Overall, groups showed no statistical difference in Visual Analog Scale satisfaction scores of 83.9 mm (room temperature gel) versus 87.6 mm (warm ultrasound gel). The authors conclude that that there is no patient satisfaction benefit to warmed gel.8
To date, no studies have looked at the pediatric population regarding comfort or ability to successfully complete ultrasound examinations. Anecdotally, some pediatric ultrasound specialists have noted difficulty performing ultrasound examinations with cold gel and favor warm gel.
The existing evidence about warmed ultrasound gel and the bacterial infection risk is limited. There seems to be a guideline “creep” with IPAC’s recommendations moving from “when required” in 2004 to “do not warm gel” in 2017. Although warmed gel does not seem to impact patient satisfaction for adults, future studies are needed focusing on:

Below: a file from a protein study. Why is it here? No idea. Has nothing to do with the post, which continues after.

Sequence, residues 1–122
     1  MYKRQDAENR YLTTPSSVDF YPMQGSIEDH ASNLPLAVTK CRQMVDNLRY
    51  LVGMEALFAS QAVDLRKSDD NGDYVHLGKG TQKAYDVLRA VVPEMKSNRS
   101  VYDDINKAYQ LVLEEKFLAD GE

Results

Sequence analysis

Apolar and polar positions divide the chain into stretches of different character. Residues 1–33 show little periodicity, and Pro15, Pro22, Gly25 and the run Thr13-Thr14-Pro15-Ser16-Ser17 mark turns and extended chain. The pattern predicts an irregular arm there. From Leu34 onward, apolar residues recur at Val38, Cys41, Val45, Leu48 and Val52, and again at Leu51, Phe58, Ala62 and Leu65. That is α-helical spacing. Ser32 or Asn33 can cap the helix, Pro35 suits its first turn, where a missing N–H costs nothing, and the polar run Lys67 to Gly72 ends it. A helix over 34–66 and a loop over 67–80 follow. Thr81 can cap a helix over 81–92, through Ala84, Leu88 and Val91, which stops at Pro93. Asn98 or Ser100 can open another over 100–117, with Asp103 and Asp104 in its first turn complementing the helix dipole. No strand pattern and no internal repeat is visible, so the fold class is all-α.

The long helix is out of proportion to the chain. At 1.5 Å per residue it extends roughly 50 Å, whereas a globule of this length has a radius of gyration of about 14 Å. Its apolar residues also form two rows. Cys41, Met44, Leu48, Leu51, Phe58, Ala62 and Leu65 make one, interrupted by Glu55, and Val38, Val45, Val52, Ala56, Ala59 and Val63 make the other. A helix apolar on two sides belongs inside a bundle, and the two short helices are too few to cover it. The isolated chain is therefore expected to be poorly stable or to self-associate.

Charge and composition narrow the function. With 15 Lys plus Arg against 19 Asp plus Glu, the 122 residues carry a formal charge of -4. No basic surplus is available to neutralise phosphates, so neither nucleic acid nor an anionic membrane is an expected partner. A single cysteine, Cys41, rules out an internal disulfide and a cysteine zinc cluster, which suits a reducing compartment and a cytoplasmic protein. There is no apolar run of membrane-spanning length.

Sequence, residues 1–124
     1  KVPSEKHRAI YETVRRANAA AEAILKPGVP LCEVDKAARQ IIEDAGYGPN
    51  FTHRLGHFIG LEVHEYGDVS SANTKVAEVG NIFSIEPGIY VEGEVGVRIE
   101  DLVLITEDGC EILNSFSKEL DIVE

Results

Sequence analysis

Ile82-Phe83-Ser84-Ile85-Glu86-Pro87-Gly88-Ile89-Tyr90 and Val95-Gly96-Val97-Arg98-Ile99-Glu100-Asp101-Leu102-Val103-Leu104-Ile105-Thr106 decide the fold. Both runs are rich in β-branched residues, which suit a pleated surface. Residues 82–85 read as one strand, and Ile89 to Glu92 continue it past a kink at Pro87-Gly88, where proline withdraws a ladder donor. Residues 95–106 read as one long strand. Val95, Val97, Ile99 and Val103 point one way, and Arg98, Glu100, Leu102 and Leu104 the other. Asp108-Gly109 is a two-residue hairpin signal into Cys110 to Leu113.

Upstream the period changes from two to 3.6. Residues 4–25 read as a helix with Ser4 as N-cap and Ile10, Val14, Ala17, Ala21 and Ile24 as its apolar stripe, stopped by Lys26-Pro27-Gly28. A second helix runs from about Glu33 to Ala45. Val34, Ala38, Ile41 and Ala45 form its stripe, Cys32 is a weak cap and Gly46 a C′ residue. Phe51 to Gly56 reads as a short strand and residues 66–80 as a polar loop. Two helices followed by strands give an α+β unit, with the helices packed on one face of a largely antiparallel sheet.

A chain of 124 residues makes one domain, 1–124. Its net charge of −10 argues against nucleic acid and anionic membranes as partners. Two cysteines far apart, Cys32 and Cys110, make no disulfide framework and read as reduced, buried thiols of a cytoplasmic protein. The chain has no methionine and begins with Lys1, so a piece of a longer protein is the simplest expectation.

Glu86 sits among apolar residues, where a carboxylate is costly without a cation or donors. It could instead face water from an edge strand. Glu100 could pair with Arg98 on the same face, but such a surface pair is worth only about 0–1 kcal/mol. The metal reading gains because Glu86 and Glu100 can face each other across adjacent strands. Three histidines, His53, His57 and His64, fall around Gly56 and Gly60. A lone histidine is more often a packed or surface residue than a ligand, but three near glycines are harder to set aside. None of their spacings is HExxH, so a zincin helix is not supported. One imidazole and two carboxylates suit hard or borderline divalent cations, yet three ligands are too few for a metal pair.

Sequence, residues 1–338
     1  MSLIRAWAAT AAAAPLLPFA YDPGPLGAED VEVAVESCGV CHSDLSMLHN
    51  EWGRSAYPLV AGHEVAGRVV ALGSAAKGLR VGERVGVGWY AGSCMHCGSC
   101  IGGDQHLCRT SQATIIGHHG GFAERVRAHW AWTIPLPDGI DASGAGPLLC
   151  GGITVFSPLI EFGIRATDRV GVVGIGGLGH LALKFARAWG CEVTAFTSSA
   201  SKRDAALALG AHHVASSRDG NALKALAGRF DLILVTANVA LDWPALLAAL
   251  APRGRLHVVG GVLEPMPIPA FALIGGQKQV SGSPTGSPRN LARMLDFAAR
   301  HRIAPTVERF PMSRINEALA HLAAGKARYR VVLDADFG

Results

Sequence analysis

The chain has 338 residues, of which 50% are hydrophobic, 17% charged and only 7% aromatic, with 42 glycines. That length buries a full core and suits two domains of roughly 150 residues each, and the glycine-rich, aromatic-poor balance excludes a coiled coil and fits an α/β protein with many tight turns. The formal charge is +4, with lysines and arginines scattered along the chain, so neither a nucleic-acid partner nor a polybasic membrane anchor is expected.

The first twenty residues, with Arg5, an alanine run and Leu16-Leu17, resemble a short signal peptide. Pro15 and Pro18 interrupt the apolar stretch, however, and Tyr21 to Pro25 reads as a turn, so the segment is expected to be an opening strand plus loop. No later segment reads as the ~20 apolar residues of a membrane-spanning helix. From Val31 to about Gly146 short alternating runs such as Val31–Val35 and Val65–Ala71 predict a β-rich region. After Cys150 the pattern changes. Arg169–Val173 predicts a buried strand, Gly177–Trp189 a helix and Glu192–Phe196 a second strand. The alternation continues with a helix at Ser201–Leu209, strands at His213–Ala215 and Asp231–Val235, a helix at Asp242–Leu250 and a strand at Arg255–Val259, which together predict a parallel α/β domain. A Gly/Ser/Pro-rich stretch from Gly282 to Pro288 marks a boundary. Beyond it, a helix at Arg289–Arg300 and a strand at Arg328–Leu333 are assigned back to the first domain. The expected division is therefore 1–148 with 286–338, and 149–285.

- Bacterial infection risk to the patient
- Quality of ultrasound imaging, especially with pediatric scans
The evidence-based verdict on warmed ultrasound gel seems still out.
1.Muyldermans G, de S, Pierard D, et al. Neonatal infections with Pseudomonas aeruginosa associated with a water-bath used to thaw fresh frozen plasma. J Hosp Infect. 1998;39(4):309-314. https://www.ncbi.nlm.nih.gov/pubmed/9749402.
2.Ashline V, Stevens A, Carter M. Nosocomial peritonitis related to contaminated dialysate warming water. Am J Infect Control. 1981;9(2):50-52. https://www.ncbi.nlm.nih.gov/pubmed/10283820.